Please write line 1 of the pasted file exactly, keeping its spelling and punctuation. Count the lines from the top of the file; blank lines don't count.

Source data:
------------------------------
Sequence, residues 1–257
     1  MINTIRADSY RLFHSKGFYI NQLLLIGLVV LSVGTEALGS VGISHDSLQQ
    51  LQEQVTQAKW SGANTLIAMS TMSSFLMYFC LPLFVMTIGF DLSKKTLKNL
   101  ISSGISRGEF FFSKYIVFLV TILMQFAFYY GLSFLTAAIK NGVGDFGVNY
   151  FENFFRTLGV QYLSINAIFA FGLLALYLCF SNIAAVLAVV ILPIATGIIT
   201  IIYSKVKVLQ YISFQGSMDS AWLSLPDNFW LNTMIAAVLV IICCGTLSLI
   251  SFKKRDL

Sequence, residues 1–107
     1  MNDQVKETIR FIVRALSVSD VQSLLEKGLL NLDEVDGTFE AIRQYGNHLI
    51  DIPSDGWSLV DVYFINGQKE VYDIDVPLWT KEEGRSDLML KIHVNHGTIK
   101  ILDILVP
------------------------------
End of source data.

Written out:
Sequence, residues 1–257